Best of 2000: Best Spitinis

Pete's Quality Meats
17421/2 India Street, Little Italy
(619) 234-1684

Sicily used to be known as the "Breadbasket of Europe." They exported grains all over the Mediterranean. Then came countless invasions, poverty, until their only export was people. And interesting food ideas. Hidden in its repertoire was spitini. What's spitini? "It's a Sunday hot dish back in Sicily," says Pete di Salvo, son-in-law of Pete, the owner of Pete's. Basically it's stuffed veal turned on a spit over a fire. According to Filippo, who cooks for Pete, it's "veal rolled around two cheeses, onions, tomatoes, pinenuts, currants, parsley, prosciutto, bread crumbs, onions, and green peppers," all in a nine-inch Italian bun. When you chomp in, it tastes cheesy, herby, swimming in the sauce and onions. You'll get onion lash on your cheek and peppers and marinara all over your face. But that's part of the messy pleasure.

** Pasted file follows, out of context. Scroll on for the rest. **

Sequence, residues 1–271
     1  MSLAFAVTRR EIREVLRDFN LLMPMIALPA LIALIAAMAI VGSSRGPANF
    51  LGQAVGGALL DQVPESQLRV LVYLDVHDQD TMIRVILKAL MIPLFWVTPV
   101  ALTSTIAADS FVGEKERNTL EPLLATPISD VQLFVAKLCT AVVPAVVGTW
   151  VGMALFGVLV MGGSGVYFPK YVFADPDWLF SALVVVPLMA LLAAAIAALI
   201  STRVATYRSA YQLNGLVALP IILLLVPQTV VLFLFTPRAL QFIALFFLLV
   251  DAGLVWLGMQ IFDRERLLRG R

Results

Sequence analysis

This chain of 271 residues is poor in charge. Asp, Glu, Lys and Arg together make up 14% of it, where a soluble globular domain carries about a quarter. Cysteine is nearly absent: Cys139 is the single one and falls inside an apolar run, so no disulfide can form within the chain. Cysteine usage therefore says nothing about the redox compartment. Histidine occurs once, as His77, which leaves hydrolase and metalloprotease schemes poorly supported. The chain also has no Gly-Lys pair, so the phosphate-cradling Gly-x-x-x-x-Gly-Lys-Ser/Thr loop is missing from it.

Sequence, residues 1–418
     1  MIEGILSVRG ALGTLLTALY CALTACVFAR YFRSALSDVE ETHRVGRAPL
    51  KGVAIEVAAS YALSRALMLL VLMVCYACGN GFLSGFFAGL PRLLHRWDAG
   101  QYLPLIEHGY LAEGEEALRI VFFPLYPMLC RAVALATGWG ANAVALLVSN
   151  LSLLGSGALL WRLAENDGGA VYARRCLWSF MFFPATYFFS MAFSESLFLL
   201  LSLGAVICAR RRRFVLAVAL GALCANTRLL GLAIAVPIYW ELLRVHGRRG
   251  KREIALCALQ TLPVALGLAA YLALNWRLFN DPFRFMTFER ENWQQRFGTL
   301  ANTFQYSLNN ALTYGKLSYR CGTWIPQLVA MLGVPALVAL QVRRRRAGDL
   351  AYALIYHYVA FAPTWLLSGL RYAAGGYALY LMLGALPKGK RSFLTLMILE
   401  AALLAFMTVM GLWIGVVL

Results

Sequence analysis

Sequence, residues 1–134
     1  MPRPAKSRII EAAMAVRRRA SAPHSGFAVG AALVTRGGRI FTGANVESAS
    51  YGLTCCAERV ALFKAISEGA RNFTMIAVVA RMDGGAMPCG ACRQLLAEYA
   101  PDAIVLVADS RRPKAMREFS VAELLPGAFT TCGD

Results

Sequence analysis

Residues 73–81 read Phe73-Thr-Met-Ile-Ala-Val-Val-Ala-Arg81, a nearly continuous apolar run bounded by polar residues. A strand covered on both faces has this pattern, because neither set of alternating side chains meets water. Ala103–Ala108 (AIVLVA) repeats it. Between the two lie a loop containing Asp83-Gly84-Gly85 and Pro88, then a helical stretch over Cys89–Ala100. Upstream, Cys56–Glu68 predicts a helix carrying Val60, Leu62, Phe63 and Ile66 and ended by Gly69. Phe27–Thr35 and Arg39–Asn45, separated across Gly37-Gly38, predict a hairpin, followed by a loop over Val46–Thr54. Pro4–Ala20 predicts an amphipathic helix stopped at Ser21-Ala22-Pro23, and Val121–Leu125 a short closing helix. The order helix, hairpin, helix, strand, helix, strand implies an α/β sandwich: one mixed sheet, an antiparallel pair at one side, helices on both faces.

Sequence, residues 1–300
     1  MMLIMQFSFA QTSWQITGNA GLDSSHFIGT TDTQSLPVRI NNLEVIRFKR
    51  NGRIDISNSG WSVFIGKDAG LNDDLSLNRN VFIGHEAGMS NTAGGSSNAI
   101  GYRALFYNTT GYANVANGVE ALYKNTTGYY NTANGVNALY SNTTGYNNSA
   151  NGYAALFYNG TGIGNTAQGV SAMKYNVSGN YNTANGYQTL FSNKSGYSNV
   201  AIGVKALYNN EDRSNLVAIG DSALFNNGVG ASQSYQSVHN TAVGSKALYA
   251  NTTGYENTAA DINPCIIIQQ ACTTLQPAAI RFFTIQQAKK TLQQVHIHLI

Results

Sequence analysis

From the modest front of this expanded butcher's shop in Little Italy, you'd never guess that people come from afar for spitini and other homemade specialties like Italian sausage sandwich. Customers swear the sausage meat is herby and without gristle or fat. "Pete still grinds his sausage meat by hand," says Pete di Salvo. A spitini sandwich costs $5.25. Italian sausage sandwich, $3.85.

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